International Journal of Digital Multimedia Broadcasting

Video Analysis, Abstraction and Retrieval: Techniques and Applications


Publishing date
01 Mar 2010
Status
Published
Submission deadline
01 Sep 2009

Lead Editor

1Eindhoven University of Technology, 5600 MB Eindhoven, The Netherlands

2Philips Research Laboratories, 5656 AA Eindhoven, The Netherlands

3CycloMedia/Eindhoven University of Technology, 4180 BB Waardenburg, The Netherlands

4Ryerson University, Toronto, ON, Canada M5B 2K3


Video Analysis, Abstraction and Retrieval: Techniques and Applications

Description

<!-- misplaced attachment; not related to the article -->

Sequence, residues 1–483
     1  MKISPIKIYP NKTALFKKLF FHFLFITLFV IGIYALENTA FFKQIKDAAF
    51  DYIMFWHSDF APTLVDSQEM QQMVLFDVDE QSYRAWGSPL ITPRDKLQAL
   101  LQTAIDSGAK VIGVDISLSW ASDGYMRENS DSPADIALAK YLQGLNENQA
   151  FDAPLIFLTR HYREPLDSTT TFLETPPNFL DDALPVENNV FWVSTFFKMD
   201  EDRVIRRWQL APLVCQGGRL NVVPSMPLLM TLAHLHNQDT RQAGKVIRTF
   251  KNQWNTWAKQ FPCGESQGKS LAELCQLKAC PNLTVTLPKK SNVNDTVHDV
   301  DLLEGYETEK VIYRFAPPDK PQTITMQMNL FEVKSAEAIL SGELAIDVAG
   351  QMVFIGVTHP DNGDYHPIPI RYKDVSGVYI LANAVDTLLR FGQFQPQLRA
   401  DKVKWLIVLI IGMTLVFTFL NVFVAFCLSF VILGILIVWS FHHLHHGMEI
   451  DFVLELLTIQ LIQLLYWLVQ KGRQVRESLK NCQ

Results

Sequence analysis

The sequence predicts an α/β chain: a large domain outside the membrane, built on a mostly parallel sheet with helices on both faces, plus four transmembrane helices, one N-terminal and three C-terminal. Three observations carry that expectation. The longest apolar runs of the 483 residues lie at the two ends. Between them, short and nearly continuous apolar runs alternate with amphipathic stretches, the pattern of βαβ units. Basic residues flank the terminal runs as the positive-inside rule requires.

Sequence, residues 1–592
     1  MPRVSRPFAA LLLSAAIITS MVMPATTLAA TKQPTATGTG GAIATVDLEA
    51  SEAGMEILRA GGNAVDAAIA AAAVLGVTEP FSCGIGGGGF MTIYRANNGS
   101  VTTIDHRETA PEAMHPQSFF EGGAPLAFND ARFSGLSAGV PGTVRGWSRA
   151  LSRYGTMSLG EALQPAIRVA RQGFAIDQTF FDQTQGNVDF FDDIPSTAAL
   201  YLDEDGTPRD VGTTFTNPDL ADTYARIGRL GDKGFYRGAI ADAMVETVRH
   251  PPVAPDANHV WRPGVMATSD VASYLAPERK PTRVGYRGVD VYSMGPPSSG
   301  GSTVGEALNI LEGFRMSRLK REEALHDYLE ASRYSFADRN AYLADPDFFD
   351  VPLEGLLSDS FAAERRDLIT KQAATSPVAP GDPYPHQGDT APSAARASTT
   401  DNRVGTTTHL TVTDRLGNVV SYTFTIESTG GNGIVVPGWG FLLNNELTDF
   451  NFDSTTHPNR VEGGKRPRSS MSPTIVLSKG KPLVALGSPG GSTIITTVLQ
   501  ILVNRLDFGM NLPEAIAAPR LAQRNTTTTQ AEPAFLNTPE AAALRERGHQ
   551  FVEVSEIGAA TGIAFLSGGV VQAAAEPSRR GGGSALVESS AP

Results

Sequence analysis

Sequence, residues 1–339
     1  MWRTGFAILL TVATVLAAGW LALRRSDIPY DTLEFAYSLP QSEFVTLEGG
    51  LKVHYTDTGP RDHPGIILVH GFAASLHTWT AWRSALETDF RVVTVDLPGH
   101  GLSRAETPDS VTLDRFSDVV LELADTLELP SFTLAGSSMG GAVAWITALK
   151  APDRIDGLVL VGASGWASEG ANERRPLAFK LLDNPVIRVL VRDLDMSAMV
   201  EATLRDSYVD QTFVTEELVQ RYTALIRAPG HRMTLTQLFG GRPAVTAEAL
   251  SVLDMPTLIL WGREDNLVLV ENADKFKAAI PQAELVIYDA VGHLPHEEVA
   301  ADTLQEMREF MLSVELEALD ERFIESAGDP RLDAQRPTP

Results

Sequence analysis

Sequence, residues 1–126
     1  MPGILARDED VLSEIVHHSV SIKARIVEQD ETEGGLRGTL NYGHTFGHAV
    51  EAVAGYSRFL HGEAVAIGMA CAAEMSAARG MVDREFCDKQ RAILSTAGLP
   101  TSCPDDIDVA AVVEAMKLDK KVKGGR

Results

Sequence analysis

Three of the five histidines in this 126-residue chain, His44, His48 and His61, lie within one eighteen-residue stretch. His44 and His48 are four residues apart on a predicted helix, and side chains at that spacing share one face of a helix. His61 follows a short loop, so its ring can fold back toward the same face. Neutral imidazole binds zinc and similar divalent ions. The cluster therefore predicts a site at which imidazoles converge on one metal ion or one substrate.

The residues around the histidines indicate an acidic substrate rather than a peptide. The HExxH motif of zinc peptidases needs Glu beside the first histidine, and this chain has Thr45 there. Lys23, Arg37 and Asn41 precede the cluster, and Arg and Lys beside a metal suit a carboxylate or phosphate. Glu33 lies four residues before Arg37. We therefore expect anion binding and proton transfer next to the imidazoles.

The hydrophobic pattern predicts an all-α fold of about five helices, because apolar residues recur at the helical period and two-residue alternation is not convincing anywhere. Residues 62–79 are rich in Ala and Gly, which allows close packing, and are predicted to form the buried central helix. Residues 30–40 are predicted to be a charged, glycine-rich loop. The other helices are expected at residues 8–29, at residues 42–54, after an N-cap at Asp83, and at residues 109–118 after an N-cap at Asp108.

The proliferation of TV broadcast channels and programs has led to an explosion of digital video content, which results in large personal and public video databases. However, the rapidly increasing availability of video data has not yet been accompanied by an increase in its accessibility. This is due to the situation that video data are naturally different to traditional forms of data, which can be easily accessed and searched based on text. Therefore, how to efficiently organize broadcast video, such as TV news and sports, into more compact forms and extract semantically meaningful information becomes more and more important. In the past ten years, the majority of research has gradually converged to three fundamental areas, namely, video analysis, video abstraction, and video retrieval. Video analysis is utilized to extract both general and domain-specific visual features, such as color, texture, shape, human faces, and human motion. Video abstraction is to generate a representation of visual information, which is similar to the extraction of keywords or summaries in text document processing. Basically, video abstraction is associated with key-frame detection, shot clustering, and the extraction of domain knowledge of the targeted video source. The content attributes found in video analysis and abstraction processes are often referred to as metadata. In many information systems, we need fast schemes and tools to use content metadata to query, search, and browse large video databases. Although a lot of efforts have been devoted into this area, both computational cost and accuracy of the existing systems are still far from satisfactory.